This is the next post in a series discussing supervised visitation in Dayton, Ohio child custody cases. The previous article addressed the process of requesting that the other parent’s visitation be supervised. Providing adequate evidence that the circumstances surrounding the visitation have become unsafe for the child will be imperative to any such request. It is important to understand that the way judges handle a case will always depend on the specific facts of the situation. Once an order for supervised visitation is issued, parents should understand what to expect during a supervised visit. If your are involved in a dispute over child custody, contact our office to speak to a family law attorney.
The specifics of each family’s supervised visitations will be based upon the court’s order. In most situations, a judge will order that a neutral third-party serve as a supervisor during a scheduled visitation time. A typical order may allow a parent to spend a few hours with his or her child each week, supervised by someone such as the child’s Aunt, Uncle, or a Grandparent. The order will likely state when the visits are to occur, who may or may not supervise, and it may spell out where the visitations are to occur. Parks, restaurants, and other public places often serve as appropriate venues. There are also private organizations in the area that act as meeting places for supervised visitations if required. Rarely will a court allow the other parent to attend the visits to avoid hostilities.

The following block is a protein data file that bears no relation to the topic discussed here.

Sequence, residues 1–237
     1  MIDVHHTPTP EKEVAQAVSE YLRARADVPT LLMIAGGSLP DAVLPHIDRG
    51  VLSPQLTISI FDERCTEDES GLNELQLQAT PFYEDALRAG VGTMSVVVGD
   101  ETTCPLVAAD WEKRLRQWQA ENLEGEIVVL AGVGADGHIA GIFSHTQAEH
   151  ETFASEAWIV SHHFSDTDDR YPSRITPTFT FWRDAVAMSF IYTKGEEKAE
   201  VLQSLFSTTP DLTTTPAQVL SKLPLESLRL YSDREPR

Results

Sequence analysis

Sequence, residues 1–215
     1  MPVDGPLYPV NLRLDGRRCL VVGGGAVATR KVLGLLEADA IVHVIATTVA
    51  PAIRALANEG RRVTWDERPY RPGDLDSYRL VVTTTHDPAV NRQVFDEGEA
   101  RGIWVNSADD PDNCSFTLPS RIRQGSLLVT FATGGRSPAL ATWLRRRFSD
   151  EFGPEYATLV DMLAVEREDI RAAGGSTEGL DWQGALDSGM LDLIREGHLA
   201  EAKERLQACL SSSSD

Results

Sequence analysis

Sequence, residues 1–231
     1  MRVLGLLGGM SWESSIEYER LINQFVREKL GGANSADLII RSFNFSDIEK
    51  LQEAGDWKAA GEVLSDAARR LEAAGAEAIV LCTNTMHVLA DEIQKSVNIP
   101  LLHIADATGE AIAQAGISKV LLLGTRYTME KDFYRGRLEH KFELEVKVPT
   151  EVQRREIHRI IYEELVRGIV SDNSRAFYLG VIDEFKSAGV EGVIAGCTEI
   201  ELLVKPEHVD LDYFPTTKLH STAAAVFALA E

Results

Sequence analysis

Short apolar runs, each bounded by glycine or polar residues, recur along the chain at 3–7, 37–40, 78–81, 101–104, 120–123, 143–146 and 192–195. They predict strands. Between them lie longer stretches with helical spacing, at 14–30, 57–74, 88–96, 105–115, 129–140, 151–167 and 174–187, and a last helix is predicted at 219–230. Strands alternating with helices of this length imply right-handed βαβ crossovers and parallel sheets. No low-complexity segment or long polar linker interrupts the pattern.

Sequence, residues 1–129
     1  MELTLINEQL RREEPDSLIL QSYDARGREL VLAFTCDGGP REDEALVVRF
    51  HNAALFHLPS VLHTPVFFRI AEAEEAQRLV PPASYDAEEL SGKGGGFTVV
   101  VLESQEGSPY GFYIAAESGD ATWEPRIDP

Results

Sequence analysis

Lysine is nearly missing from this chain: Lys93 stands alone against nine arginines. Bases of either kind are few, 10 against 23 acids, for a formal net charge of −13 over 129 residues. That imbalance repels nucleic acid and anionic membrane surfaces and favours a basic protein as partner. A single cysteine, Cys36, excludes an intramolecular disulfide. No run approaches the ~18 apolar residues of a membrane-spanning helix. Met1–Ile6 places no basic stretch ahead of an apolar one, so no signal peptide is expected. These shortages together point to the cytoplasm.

During the visit, the parent should focus his or her time on interacting positively with the child. It is not appropriate to demean the other parent, discuss ongoing legal matters, or take other actions not in the child’s best interests. Engaging in such conduct or failing to attend scheduled visits may result in the suspension of visitation altogether. At a minimum, such conduct would reduce the likelihood of increased time or lifted supervision requirements. The other parent must also comply with the court’s supervised visitation order. It is imperative that the parent not attempt to attend or otherwise interfere with the visit. Failure of either party to comply with the order could result in contempt of court charges.
If you are seeking supervised visitation or subject to a supervision order and have questions about your rights or obligations, contact our office today to speak with a Dayton child custody attorney. We also serve the areas of Beavercreek, Centerville, Clayton, Eaton, Englewood, Fairborn, Franklin, Harrison Township, Huber Heights, Kettering, Oakwood, Lebanon, Miami Township, Miamisburg, Piqua, Riverside, Springboro, Springfield, Tipp City, Trotwood, Troy, Vandalia, Waynesville, Washington Township, West Carrollton, Yellow Springs, and Xenia.